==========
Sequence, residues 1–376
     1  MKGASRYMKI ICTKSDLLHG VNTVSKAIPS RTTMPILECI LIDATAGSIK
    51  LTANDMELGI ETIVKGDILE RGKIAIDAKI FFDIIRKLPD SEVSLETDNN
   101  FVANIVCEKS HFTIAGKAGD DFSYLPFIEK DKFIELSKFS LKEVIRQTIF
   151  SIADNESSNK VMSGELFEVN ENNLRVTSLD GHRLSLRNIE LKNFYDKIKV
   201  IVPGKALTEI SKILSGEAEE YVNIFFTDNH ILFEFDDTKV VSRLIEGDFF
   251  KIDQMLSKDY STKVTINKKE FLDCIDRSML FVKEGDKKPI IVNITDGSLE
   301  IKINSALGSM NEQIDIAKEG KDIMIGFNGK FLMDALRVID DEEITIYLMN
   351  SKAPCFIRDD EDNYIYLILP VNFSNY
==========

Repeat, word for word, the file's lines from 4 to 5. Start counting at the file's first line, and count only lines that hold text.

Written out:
   101  FVANIVCEKS HFTIAGKAGD DFSYLPFIEK DKFIELSKFS LKEVIRQTIF
   151  SIADNESSNK VMSGELFEVN ENNLRVTSLD GHRLSLRNIE LKNFYDKIKV